The six IPHC commissioners, three U.S. and three Canadian, did not come to an agreement about catch quotas. Canadian commissioners did not agree with lower catch rates because of Alaskan trawl bycatch issues as well as other methods of calculating stocks.

The quota for each area is noted below. However, because the commission did not agree with quotas, further process must be made with other Federal Fisheries Management agencies. This process will take time, but the numbers below are what the U.S. Commissioners have recommended for implementation.

2A — 1.32

2B (Canada) 7.10

2C — 6.34

3A — 12.54

3B 3.27

4A 1.74

4B 1.28

4CD&E 3.622018 quota

Note: TCEY means, Total Constant Exploitation Yield

FCEY means, Fishery Constant Exploitation Yield

Last Year’s quota in TCEY2017 QuotaIPHC Regulatory Area Zones Below

Regions

Continue reading

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Why Are Halibut Stocks Declining?

During the International Pacific Halibut Commission meeting in Portland, I’ve learned many facts, figures, issues, problems and most shockingly, a big reason for declining juvenile halibut numbers.

The Bering Sea in Alaska is the major halibut spawning area and the Bering Sea Shelf, an area that expands for miles, is prime juvenile halibut habitat. Many years ago the IPHC created a massive “Closed” area in this mostly flat sandy area in an effort to provide a nursery for these young halibut. And according to IPHC tagging records, these juvenile halibut from this area migrate throughout Alaska, B.C., Washington, Oregon and into California. As one IPHC researcher told me, “These are everyone’s halibut.”

Closed Area

What a great idea, to have a closed area to allow juveniles to thrive without commercial or recreation activity. But here’s the problem, IPHC can only restrict halibut anglers within their convention, which means they have no control over the trawl industry. The commercial trawl industry is a multi-billion dollar industry that targets groundfish that include yellowfin sole, arrowtooth flounder, etc. They drag the bottom and capture their targeted species as well as juvenile halibut, the very halibut this area was intended to protect.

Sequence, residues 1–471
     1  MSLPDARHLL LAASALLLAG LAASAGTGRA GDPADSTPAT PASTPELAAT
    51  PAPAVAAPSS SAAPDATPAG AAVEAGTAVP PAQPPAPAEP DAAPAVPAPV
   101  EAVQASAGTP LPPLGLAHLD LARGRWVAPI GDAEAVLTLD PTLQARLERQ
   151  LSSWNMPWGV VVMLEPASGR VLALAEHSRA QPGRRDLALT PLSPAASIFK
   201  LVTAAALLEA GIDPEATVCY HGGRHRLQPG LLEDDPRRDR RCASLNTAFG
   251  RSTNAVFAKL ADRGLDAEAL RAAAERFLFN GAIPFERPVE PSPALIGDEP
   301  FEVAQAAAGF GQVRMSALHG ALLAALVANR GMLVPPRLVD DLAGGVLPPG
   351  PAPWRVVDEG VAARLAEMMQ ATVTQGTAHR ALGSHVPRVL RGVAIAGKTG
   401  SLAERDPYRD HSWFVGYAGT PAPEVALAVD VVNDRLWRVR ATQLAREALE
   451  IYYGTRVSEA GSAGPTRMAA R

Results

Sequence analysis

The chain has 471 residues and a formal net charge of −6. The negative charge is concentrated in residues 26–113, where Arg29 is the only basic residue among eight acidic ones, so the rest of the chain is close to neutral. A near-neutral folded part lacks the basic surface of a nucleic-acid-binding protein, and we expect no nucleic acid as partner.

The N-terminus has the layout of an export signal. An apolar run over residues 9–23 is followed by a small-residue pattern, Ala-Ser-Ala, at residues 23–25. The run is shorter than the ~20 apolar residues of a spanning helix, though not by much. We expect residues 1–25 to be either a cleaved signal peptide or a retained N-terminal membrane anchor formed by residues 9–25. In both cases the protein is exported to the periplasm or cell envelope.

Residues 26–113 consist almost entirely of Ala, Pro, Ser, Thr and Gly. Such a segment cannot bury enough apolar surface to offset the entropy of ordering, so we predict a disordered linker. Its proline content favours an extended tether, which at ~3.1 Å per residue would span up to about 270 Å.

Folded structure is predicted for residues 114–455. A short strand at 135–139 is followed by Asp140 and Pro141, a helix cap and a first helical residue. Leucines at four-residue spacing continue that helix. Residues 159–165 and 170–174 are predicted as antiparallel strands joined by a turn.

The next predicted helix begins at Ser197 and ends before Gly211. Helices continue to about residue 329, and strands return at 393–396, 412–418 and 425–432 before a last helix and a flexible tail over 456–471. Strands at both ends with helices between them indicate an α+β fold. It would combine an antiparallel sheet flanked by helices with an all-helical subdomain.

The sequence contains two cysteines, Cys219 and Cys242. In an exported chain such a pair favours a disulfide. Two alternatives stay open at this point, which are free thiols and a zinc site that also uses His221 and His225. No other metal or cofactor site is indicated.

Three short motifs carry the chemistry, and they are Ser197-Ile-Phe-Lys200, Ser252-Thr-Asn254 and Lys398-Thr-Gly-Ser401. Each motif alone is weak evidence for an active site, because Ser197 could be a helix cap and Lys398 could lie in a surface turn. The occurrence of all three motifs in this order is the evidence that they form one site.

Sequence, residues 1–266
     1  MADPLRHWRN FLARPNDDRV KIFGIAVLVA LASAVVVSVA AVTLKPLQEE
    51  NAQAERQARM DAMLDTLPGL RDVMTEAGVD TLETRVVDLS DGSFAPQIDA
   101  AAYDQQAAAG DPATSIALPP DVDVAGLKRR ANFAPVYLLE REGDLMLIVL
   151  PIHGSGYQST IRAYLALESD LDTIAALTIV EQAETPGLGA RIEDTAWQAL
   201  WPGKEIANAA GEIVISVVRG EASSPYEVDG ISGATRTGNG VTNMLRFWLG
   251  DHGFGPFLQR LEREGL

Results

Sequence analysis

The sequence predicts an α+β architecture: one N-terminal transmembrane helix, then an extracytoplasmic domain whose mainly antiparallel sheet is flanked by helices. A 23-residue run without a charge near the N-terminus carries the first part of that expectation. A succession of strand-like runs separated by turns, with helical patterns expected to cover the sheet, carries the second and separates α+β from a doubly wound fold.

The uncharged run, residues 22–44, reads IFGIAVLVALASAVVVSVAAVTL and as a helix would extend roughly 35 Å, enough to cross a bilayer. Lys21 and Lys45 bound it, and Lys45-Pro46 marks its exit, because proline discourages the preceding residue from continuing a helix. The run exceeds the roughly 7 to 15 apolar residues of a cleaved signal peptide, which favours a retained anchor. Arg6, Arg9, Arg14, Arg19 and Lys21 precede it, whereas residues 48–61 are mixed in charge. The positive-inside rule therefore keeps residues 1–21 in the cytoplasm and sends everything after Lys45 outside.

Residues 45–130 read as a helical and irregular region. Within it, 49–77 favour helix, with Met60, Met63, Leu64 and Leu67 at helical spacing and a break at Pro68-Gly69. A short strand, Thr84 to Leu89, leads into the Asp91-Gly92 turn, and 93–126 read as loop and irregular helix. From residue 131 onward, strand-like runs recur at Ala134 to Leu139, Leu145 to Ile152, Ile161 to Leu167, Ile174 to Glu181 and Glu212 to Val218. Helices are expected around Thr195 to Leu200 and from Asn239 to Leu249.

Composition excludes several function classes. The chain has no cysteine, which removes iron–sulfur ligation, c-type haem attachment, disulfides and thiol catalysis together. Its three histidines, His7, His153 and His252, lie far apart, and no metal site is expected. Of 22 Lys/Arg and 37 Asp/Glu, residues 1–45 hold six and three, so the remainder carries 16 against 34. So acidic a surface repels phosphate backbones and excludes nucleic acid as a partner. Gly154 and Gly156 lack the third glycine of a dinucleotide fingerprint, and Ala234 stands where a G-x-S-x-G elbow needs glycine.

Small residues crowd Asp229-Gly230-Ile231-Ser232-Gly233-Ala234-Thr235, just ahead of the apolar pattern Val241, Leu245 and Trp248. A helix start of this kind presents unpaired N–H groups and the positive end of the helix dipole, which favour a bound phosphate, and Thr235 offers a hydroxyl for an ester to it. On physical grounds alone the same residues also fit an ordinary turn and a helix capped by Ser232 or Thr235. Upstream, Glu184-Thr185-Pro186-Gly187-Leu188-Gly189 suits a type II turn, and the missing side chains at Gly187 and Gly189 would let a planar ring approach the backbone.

In 2017 the trawl fleet killed, as by-catch, 867 metric tons of halibut! That’s 1.9 million pounds of halibut — a number larger than Area 2A’s halibut quota. These juvenile halibut average four to six pounds. Using the high number of six, that’s a total of 316,667 small halibut.

This is what’s happening to our halibut recruitment — BIG billion dollar business is killing our juvenile halibut — the future of the fishery.

How can we stop this?

The only way this massacre can stop is to convince the National Marine Fisheries Service to acknowledge this closed area and stop trawling in this closed area. But, as you may or may not know, the National Marine Fisheries Service  is an office of the National Oceanic and Atmospheric Administration within the Department of Commerce. Department of Commerce equals BIG business. Maybe when the halibut fishery declines to a point of collapse NMFS might come to their senses and do what’s right for the halibut fishery and conservation.

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International Pacific Halibut Commission Meeting